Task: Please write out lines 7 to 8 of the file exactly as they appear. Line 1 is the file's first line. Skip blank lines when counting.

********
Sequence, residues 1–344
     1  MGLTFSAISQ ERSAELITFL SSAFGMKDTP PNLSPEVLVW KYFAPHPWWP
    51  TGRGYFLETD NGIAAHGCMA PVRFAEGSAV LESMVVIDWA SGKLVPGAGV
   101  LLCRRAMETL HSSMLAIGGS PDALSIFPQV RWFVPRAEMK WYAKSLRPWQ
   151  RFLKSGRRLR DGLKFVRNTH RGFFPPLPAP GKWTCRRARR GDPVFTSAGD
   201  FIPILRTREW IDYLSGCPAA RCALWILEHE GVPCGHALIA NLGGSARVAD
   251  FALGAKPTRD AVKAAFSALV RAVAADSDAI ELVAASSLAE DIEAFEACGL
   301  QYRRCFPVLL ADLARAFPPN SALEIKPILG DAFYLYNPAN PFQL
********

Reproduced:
   251  FALGAKPTRD AVKAAFSALV RAVAADSDAI ELVAASSLAE DIEAFEACGL
   301  QYRRCFPVLL ADLARAFPPN SALEIKPILG DAFYLYNPAN PFQL